Try this: find some recently naturalized U.S. citizens (or anyone who is voting for the first time) and ask them if they have any questions about navigating the U.S. voting system in your community. Here's what I think you'll find: a big, unmet need and a nice opportunity for your news organization.
Disclosure: I'm an immigrant (from The Great White North). More than 650,000 people are naturalized every year
and the adults among us are newly eligible voters. Despite being politically aware, surrounded by a bunch of smart people, and willing and able to obsessively research things to death, I'm baffled by some pretty basic things about the U.S. voting system. I'm replete with news about the campaigns and the candidates, but bereft of simple how-to information.
At our house the other day we compiled a list of questions that stump us but that you native sons and daughters will probably find silly, like:
- Do I need to belong to a political party to vote in the primaries? The general election?
- If I join a particular party, do I always have to vote for that party in the election?
- How do I make sure that I have been registered? Do I get a card? Will party or local government officials contact me? Once I register, am I registered for life? Can I register and vote on the same day?
- When I go to vote on Super Tuesday, are all the candidates listed or do they ask which party's ballot I want? If the latter, does that mean I am registered with that party? Will I start getting junk mail and telephone solicitations? Will I automatically be handed that party's ballot in November?
- If I belong to Party A can I take Party B's ballot?
- What do I do if I am unaffiliated or have no preference?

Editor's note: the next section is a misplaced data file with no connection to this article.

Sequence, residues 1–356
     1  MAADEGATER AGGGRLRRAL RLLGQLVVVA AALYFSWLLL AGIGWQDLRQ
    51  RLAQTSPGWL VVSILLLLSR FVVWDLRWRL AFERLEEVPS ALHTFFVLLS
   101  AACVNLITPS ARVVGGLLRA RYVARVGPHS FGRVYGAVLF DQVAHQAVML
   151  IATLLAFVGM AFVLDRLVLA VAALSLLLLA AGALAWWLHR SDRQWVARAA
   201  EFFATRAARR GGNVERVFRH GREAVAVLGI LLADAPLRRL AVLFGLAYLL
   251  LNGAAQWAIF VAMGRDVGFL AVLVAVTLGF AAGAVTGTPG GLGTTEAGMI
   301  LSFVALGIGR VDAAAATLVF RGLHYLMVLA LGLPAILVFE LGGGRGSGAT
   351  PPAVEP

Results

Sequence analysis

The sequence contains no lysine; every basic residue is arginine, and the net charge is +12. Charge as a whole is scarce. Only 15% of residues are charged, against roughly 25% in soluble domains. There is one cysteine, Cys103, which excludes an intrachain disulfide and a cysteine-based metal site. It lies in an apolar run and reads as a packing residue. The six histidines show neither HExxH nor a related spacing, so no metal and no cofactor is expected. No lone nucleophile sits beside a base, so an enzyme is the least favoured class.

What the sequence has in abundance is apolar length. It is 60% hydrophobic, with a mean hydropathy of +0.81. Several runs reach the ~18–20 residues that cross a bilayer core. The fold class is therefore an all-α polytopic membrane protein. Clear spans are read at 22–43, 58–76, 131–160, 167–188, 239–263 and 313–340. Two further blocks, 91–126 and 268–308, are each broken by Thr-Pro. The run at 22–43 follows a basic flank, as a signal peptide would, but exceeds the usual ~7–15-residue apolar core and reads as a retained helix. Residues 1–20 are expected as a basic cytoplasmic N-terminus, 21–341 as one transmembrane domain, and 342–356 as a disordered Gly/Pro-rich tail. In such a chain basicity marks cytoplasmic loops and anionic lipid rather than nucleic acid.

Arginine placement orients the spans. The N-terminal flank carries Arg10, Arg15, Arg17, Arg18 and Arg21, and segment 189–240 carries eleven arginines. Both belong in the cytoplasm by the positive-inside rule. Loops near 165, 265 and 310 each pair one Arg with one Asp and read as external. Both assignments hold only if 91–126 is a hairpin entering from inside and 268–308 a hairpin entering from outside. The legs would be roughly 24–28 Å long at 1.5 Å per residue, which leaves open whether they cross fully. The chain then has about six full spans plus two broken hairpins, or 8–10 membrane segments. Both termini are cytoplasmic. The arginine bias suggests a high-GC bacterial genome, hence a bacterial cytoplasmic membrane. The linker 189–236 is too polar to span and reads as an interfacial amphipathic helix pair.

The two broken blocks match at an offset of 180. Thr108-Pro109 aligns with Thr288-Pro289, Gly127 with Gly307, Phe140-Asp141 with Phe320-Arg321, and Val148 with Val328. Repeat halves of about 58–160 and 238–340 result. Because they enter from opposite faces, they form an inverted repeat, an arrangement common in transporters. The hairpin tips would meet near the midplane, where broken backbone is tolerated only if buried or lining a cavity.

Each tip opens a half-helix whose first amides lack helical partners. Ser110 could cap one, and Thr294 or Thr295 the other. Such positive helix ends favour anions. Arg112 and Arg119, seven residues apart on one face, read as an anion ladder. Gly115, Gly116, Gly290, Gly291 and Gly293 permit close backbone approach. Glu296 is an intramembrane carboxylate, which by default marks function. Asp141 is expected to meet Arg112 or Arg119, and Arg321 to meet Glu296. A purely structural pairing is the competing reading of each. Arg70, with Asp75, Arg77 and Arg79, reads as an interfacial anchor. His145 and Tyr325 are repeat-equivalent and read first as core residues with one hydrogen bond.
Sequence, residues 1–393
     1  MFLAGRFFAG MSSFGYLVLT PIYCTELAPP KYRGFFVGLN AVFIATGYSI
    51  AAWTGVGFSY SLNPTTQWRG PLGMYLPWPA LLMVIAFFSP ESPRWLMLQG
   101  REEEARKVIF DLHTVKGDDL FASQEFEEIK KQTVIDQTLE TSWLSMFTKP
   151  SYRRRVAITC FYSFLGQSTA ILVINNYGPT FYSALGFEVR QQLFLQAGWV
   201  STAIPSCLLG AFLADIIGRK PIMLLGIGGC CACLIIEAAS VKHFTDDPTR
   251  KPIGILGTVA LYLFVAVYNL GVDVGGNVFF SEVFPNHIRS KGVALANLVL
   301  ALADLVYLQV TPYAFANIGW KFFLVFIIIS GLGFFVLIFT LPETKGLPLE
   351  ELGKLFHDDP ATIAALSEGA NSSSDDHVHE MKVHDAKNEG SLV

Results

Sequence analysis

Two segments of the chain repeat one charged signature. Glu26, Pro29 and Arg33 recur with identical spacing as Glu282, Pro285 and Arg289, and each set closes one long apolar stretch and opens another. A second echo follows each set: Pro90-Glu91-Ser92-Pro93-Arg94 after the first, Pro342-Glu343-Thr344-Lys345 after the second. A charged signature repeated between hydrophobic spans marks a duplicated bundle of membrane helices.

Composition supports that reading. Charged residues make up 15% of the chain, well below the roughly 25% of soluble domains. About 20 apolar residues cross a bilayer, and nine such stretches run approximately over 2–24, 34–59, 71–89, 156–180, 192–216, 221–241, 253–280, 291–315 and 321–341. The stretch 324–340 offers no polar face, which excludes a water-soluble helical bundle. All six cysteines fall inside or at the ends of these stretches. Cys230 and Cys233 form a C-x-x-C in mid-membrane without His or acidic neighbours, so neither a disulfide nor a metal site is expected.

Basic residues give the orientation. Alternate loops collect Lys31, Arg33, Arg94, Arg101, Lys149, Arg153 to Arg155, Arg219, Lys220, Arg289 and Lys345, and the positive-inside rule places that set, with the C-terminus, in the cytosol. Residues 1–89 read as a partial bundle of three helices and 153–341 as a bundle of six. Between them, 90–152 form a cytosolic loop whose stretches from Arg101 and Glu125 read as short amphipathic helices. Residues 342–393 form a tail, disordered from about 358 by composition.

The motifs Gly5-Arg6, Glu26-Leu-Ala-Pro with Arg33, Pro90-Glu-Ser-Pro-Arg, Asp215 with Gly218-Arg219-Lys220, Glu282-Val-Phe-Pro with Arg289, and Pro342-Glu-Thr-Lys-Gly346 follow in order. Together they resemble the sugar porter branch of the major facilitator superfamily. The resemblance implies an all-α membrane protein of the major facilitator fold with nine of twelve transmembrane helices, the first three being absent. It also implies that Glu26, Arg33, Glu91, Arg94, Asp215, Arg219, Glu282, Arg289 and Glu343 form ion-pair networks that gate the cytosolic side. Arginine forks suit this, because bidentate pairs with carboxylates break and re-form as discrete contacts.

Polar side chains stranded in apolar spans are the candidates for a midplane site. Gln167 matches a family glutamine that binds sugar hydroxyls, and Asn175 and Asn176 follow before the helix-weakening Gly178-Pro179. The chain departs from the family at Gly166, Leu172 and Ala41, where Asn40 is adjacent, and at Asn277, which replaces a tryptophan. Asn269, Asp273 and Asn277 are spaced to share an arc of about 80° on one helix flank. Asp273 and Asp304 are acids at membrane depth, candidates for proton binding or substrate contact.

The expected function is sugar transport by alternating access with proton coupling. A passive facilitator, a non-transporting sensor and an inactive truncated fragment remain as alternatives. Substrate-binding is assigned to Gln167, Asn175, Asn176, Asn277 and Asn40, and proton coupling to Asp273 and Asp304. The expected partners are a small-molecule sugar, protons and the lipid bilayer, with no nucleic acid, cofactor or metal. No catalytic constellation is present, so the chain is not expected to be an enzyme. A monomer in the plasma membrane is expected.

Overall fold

- How do I actually vote at the polling place? (Will I see a hanging chad?)
- What do I take to the polling station to prove I can vote and I am who I say I am?
And so on.
We'll figure it all out. But what about newly qualified voters who don't have the time, motivation or perseverance? Not just new citizens, but young people voting for the first time or non-regular voters? How can you make it easier for them? Because nobody out there is doing it now. Isn't this an ideal role for a trusted brand in the community - a news organization?
First, as always, you need to start from where your intended audience is. I've looked at scores of sites and, while some purport to be helpful, they're clearly constructed by insiders, people who know the system and haven't taken the time to understand outsiders' real needs. They're great for people who are already engaged; useless for those who aren't.
Realize that the structure that supports American democracy is much more complicated than most. If you grew up here, you probably absorbed an understanding of it by osmosis, but to newcomers it is opaque. Just ask them.
Leverage the fact that many people think of the local newspaper as THE place to go for important information. But don't stop at just having it somewhere - though that would be a great first step. Make obvious what you have, through on-site and in-print promotion and search optimization.
When I typed "how to vote" in the search bar on some news sites, the first thing that came up on the page was an ad link - though it could be easily mistaken for non-advertising material - for a company with a very beguiling name which, for a fee and your personal information, will register you to vote. Yikes!